Calculating Costs of an Integrated Drug Development System

By Baselinemag  |  Posted 2004-06-08 Email Print this article Print
 
 
 
 
 
 
 

Find out what it takes to develop a unified product development system.


What's one more day, right? Well, in the pharmaceutical industry, where a successful drug generates at least $1 billion in annual sales, one more day of development could mean $2.7 million in lost revenue—give or take a few thousand.
But despite regular technology investments, your large pharmaceutical company has shortened only slightly the typical cost of developing a single drug: $800 million and 12 to 15 years. It has also failed to improve on the general experience that only 30% of drugs make enough money to pay for their own development.

What's missing could be a system that pulls all of your different R&D processes into a single product development platform. Such an integrated system can better monitor the hundreds of drug candidates in your pipeline, more quickly advancing winners and eliminating losers.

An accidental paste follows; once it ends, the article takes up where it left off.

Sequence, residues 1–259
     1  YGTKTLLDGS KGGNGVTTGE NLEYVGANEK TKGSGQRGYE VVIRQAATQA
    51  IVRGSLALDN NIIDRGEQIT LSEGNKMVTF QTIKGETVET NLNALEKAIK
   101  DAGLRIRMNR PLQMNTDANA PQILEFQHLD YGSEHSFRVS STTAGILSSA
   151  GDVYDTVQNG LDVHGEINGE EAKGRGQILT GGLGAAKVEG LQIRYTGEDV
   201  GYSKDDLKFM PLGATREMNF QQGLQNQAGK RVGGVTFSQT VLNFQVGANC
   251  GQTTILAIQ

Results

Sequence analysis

Implementation won't be easy. Plan to work closely with a consultancy that understands your scattered lab systems, underlying processes and labyrinthine regulatory requirements. One particular area of focus will be the preclinical development environment, where specialized laboratory information and scientific data management systems will pave the way for the top-level enterprise application. Once in place, this Web-based process and information management software suite will give the staff analytical tools that will provide a snapshot of every compound in development, drawing on such data as lab notes, regulatory documents and pharmacological results.

The improved quality and speed of decisions in the preclinical stage is crucial, says Shoibal Datta, director of life science at Tribiosys Inc., since much of the investment in a new drug is triggered by its advance to high-profile human clinical trials and FDA approval. "Obviously, the sooner you are able to make that go or no-go decision on a candidate, the better," Datta says, "even if it means just one day."





 
 
 
 
 
 
 
 
 
 

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